Asymmetric Payoff Mechanism and Information Effects in Water Sharing Interactions: A Game Theoretic Model of Collective Cooperation

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"General theoretic studies of collective action in common-pool resources (CPRs) dilemmas have been usually established on an assumption that actors all share symmetric access and position with regard to the commons. However, in real situations, most actors in a complex social-ecological system are heterogeneous in terms of their power, wealth, influence and so forth. The heterogeneity is also greatly attributed to diverse geographies, social hierarchies, skills, knowledge, and other features which are attached to those actors. Thus, analyses of internal and external asymmetric mechanisms are thus required to facilitate cooperation and achieve social optimum in CPR dilemmas. This paper uses surface water as an example to give a preliminary attempt to cope with the key issues mentioned above. We present an iterative N-Person Prisoner's Dilemma (PD) game theoretic model to quantitatively address the equilibrium conditions for collective cooperation in water sharing interactions. With a modified PD game payoff matrix and a simple evolutionary approach, asymmetric mechanism and information effects are incorporated into the model simultaneously. Numerical simulations are carried out in Matlab environment. The results demonstrate asymmetric mechanism leads to individual variations in terms of motivation to cooperate amongst different upstream and downstream actors. Tail-end actor is the one with least motivation to cooperate and up-midstream actors are more willing to cooperate. Moreover, higher level of asymmetries would increase upstream actors' incentives to cooperate yet downstream actors are barely affected by the asymmetric mechanism. 'The shadow of the future' again is confirmed to increase the chances of universal cooperation, yet with the asymmetric mechanism, stronger motivation to cooperate is produced for downstream actors than upstream actors. The results also show greater level of information exchange relaxes overall equilibrium conditions, yet there is a negative effect on all actors' incentive to cooperate with the increase of total number of actors."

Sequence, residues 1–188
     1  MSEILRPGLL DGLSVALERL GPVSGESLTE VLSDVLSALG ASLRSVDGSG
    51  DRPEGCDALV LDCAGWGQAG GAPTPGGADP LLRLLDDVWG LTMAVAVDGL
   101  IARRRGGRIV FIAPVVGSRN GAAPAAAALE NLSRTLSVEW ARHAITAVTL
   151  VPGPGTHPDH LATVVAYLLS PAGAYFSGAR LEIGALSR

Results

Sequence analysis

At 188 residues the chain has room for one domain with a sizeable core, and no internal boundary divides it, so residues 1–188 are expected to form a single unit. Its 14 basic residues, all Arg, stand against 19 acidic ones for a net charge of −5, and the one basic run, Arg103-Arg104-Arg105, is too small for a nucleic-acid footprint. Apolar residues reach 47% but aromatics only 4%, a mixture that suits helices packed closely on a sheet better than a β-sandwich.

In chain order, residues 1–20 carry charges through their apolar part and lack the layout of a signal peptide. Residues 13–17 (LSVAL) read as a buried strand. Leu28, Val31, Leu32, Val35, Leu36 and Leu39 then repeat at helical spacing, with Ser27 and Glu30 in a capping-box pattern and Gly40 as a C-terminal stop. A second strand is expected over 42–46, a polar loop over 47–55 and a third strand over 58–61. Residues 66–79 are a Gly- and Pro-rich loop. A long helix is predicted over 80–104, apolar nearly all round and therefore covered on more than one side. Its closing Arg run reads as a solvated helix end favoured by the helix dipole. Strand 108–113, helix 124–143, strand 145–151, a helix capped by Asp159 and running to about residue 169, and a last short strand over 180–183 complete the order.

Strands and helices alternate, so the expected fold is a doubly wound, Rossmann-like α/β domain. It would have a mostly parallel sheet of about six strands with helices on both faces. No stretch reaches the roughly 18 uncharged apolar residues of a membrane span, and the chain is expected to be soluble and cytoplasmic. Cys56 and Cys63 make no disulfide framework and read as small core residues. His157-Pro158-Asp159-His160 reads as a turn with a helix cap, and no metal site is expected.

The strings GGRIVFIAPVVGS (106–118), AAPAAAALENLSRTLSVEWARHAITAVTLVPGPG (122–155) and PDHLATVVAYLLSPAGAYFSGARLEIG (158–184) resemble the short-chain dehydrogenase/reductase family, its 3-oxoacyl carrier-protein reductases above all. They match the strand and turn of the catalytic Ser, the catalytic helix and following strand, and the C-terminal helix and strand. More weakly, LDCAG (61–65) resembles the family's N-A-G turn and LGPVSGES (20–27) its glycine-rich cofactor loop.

IASC, game theory, modeling, cooperation